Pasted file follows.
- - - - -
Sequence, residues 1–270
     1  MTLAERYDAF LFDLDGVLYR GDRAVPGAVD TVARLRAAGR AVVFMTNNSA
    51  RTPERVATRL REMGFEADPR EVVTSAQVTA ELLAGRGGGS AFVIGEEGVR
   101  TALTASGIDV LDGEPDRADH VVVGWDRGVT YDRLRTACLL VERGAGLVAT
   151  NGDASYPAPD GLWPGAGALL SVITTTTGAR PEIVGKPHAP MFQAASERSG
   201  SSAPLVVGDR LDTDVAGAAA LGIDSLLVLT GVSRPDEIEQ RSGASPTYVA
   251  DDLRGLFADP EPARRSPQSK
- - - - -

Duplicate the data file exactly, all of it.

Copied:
Sequence, residues 1–270
     1  MTLAERYDAF LFDLDGVLYR GDRAVPGAVD TVARLRAAGR AVVFMTNNSA
    51  RTPERVATRL REMGFEADPR EVVTSAQVTA ELLAGRGGGS AFVIGEEGVR
   101  TALTASGIDV LDGEPDRADH VVVGWDRGVT YDRLRTACLL VERGAGLVAT
   151  NGDASYPAPD GLWPGAGALL SVITTTTGAR PEIVGKPHAP MFQAASERSG
   201  SSAPLVVGDR LDTDVAGAAA LGIDSLLVLT GVSRPDEIEQ RSGASPTYVA
   251  DDLRGLFADP EPARRSPQSK